I started my project about 3 years ago when I found the C4 parts I needed at the Iola car show swap meet. I started thinking about doing a frame several years before that.
    Only 3 years? When my brainstorm hit me was when I was at a car show at a local Chevy dealer several years ago. There was a blue C4 vette there with the hood flipped up and I was looking at the suspension pieces....it amazed me that they were all aluminum. I thought it would be great to use the a-arms and whatever else I could use on my Nomad. At the time I didn't even know anyone was already doing these conversions, but I searched the internet and found a Roush Engineering website and they were doing one for a tri5 using the 4 plate method you are using. Not long after that I got a Super Chevy or CHP magazine and there was a red C4 conversion frame on the cover. It was Roush's. That's when I decided to move forward with my Nomad. I spent weeks laying it all out to make sure everything fit, after I bought the suspensions and took measurements. Today it seems like such a simple thing.

    My wife has a 90 Corvette and ... the track width is almost identical.
    If by track width you're referring to the tire centerlines, they're kinda close. The tri5 track width is 58" in front and 58.9" in the rear. The late C4 is 59.6" in front and 60.4" in the rear. However, the wheel mounting surface is quite a bit wider on the C4 than the tri5 as you probably know.

    My 55 is about 190 pounds heavier than the Corvette so there pretty close.
    Everyone thinks the tri5s are such heavy cars, but they're not. They're just roomy.

    A '90 vette coupe is 3255 pounds and a convertible is 3301 pounds curb weight. The ZR1 was 3479 pounds. A stock 55 Chevy 2-door BelAir sedan is 3285 curb weight with a 3-speed. A C4 suspension will knock 150 pounds or so off of that.

    Looks like you're planning to use the stock C4 springs. It should be fine in the rear since they height is adjustable, but the front is sometimes tricky to set up at the right ride height. Some of it depends on the engine you use. Front ride height isn't very adjustable on these suspensions unless you use coilovers.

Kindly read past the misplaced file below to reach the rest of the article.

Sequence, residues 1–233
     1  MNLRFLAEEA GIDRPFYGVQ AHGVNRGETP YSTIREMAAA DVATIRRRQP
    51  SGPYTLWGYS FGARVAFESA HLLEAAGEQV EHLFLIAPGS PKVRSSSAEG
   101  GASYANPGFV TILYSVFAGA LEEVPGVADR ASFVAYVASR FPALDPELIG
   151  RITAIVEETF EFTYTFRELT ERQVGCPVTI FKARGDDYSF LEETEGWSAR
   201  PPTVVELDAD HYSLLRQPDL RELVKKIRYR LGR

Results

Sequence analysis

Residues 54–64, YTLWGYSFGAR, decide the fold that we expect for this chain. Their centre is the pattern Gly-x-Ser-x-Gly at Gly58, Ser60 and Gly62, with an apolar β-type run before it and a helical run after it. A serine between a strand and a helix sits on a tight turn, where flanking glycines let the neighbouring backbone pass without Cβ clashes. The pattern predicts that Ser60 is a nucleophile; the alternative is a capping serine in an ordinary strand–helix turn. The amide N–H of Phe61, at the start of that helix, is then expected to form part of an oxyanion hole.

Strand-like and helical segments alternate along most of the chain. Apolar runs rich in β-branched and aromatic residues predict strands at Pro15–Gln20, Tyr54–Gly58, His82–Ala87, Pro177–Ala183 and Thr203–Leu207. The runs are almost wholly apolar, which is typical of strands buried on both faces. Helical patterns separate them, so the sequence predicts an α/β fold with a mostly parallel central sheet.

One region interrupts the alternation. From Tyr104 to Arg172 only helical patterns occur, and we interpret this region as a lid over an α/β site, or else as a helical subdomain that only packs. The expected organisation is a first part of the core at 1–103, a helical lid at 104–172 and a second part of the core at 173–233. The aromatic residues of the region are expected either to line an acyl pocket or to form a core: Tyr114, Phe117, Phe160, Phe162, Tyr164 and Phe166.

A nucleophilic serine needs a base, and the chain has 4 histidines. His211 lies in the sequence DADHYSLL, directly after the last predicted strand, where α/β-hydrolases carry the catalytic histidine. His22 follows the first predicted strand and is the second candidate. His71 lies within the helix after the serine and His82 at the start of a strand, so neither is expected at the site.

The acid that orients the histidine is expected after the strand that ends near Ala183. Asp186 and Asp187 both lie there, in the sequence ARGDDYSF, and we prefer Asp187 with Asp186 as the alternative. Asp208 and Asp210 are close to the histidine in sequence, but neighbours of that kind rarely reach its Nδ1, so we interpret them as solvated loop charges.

I still need to figure out how I want to mount the rear sway bar. It doesn't look like it will work above the frame to the rear because of gas tank and body clearance, so I may try putting it forward of the rear end at the bottom of the frame. I still need to check on muffler and exhaust clearance before I decide on that though.
    I have done it both ways. Newman puts it in front, but it's visible from the side of the car. In the rear it interferes with the stock gas tank. I've looked at solutions and there are a couple I came up with. One is to use a swaybar that has shorter arms, or shorten the C4 swaybar arms. That will make the swaybar stiffer so I'd use one of the smaller diameter ones. Another solution is to use a different gas tank. I've done that and mounted it to the frame instead of the body. If you need a new tank anyhow, it's a good solution.

    Keep up the good work and keep us posted on progress.
    56 Nomad, Ramjet 502, Viper 6-speed T56, C4 Corvette front and rear suspension

    You can see my 56 Nomad build here http://www.picturetrail.com/chevynut

    For affordable C4 Corvette Suspension conversions for your car, visit http://www.classicedgedesigns.com

    Other vehicles:

    56 Chevy 2-door BelAir sedan
    56 Chevy 210 4-door sedan
    57 Chevy 210 4-door sedan
    1961 Willys CJ3B Jeep
    2001 Porsche Boxster S
    2003 Chevy Silverado 2500 HD Duramax

  7. #7
    Registered Member Custer55's Avatar
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    Quote Originally Posted by chevynut View Post
    Only 3 years? When my brainstorm hit me was when I was at a car show at a local Chevy dealer several years ago. There was a blue C4 vette there with the hood flipped up and I was looking at the suspension pieces....it amazed me that they were all aluminum. I thought it would be great to use the a-arms and whatever else I could use on my Nomad. At the time I didn't even know anyone was already doing these conversions, but I searched the internet and found a Roush Engineering website and they were doing one for a tri5 using the 4 plate method you are using. Not long after that I got a Super Chevy or CHP magazine and there was a red C4 conversion frame on the cover. It was Roush's. That's when I decided to move forward with my Nomad. I spent weeks laying it all out to make sure everything fit, after I bought the suspensions and took measurements. Today it seems like such a simple thing.